Coral reefs, one of the most important ecosystems in the world, are in a global decline due to climate change. Data from airborne and satellite missions can fill in the gaps in underwater surveys and help create a global perspective on the state of ocean reefs.
Coral reefs, nicknamed the rainforests of the sea, are colorful, majestic underwater worlds teeming with life. However, their future is in jeopardy due to climate change, water pollution, and other human activities. Let’s explore why corals are important to us, how they are changing, and NASA’s role in monitoring their health.
Coral reefs are one of the most important ecosystems on the planet. While they cover less than 1% of the ocean floor, healthy coral reefs provide homes to approximately a quarter of all known marine species. Currently, scientists have identified almost 800 species of reef-building corals around the world.
Coral reefs also help protect human life and property. First, they act as a natural barrier for coastlines by dampening rough waves during storms. Second, they are the source of several cutting-edge medicines. And third, they generate billions of dollars for local economies through ecotourism and fisheries, while also serving as a critical food source in many island nations.
However, coral reefs are disappearing worldwide. We know this through extensive surveys conducted every decade. “Since 2009, the United Nations-supported Global Coral Reef Monitoring Network found that 14% of the corals have disappeared, and things are speeding up,” stated Dr. Ove Hoegh-Guldberg, professor of marine studies at the University of Queensland in Australia.
A special report in 2018 from the Intergovernmental Panel on Climate Change (IPCC) projected that coral reefs would decline by 70-90% if average global air temperatures warm by 1.5°C (2.7°F) above pre-industrial values. That number jumps to a 99% decline at 2°C (3.6°F) of warming. With the planet already warming approximately 1.1°C (2.0°F) due to human activities since the end of the 19th century, these declines in corals could be reached by 2050 or sooner.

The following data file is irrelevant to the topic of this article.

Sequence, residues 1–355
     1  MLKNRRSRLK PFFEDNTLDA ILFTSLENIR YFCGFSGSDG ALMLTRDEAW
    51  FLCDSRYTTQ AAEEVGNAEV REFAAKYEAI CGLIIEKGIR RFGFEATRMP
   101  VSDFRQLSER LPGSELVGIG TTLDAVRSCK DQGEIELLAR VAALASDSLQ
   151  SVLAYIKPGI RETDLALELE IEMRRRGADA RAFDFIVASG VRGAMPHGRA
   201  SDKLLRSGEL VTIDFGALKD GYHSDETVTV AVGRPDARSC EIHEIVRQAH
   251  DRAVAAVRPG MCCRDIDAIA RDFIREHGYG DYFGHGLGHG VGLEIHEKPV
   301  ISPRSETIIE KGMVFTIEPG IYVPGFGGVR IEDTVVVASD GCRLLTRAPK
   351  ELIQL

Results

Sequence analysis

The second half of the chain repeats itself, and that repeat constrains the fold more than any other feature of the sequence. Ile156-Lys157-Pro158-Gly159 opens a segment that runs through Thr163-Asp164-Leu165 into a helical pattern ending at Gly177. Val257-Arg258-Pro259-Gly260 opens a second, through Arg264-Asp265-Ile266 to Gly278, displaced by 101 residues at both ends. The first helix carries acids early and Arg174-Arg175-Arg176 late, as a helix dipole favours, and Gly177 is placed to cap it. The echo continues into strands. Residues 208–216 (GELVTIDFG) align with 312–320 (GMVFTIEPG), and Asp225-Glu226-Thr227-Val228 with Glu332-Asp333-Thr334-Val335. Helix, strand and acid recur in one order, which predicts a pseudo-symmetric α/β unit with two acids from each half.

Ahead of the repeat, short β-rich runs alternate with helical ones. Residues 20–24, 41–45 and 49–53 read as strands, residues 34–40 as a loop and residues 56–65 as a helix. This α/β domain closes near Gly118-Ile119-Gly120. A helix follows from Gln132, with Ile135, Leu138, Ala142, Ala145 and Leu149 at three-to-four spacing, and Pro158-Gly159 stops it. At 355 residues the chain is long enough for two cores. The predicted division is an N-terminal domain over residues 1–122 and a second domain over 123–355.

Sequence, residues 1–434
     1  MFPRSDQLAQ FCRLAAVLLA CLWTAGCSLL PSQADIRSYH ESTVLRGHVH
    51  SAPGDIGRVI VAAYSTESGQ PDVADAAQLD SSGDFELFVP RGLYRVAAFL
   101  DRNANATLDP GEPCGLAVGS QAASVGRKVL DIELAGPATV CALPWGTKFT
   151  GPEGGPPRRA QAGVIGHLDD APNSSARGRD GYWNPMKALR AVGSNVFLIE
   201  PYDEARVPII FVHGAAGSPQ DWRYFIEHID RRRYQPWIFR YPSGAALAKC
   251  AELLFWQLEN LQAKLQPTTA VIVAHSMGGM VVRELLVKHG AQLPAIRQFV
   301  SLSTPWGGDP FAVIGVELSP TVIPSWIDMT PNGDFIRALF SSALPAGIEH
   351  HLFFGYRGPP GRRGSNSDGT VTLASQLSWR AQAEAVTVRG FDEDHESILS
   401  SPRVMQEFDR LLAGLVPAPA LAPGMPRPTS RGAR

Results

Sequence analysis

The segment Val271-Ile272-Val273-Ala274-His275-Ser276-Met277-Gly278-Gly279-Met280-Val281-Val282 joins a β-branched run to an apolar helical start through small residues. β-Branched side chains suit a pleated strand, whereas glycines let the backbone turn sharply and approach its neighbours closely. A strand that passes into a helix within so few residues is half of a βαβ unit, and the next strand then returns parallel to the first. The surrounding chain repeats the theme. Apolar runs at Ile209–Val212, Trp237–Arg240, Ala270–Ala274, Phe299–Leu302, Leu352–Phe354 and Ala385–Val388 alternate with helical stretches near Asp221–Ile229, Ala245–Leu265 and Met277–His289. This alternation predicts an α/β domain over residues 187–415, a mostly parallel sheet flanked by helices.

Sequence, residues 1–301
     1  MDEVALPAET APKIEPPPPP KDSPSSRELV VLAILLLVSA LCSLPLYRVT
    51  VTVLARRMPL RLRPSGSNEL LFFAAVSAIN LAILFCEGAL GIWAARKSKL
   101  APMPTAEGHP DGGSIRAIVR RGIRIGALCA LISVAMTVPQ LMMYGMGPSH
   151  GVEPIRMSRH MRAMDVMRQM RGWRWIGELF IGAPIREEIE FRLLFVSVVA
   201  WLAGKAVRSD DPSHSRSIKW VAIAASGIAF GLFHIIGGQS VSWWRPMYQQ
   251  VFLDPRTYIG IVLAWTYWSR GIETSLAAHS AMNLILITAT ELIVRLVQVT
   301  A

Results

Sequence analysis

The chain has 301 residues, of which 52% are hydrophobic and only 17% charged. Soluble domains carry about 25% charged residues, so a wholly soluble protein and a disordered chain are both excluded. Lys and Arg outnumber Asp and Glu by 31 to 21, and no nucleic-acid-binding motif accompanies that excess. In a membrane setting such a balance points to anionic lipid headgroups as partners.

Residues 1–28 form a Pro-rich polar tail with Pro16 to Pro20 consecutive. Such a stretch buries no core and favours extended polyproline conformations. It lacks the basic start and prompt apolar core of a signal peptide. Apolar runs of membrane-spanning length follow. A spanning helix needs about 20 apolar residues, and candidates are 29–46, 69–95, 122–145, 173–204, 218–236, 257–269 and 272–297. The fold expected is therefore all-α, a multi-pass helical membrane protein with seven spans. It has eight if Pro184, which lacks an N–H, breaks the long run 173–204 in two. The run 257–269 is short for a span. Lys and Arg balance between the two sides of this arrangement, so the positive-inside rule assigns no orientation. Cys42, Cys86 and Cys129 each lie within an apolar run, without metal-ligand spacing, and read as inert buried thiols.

It’s not feasible for scientists to monitor the state of every coral reef each year. While divers can provide detailed information about the health of individual corals, the work is labor- and time-intensive, often taking weeks to survey one reef. That’s where airborne and satellite data from NASA and other agencies play a vital role.
According to Juan Torres-Pérez, research scientist with NASA’s Ames Research Center and a representative on the U.S. Coral Reef Task Force (USCRTF), several NASA satellites have proven very useful in monitoring sea surface temperature and water quality changes over time, both of which are associated with changes in coral reef health. “NASA’s publicly available data provides scientists with valuable information to identify these changes as they happen,” he said.
“To study a global problem, like the decline of coral reefs, you have to have a global perspective,” added Ved Chirayath, professor of Earth sciences at the University of Miami. Using NASA satellites and other remote sensing instruments, scientists can monitor coral reefs and their surroundings more frequently and more widely to help determine if they are changing. “Some challenging places to survey in the water are some of the most important to measure," he added, "as that’s where the changes are happening.”
One region that has been particularly challenging to measure from above is the tropics. According to Liane Guild, a scientist with NASA Ames and the USCRTF, prevalent cloud cover in the tropics can hinder the measurement of tropical regions from aircraft and satellites. “Innovative field tools, like using drones with cameras, can help acquire images below clouds, if present,” she said. “They can also collect fine-detailed images locally on corals to help understand coral health condition and decline.”
Once the causes of coral reef changes can be measured, tracked, and predicted, scientists can take action to protect them.
So how does climate change lead to a global decline in coral reefs, and is there hope for their future? Check out Vanishing Corals, Part Two to find out.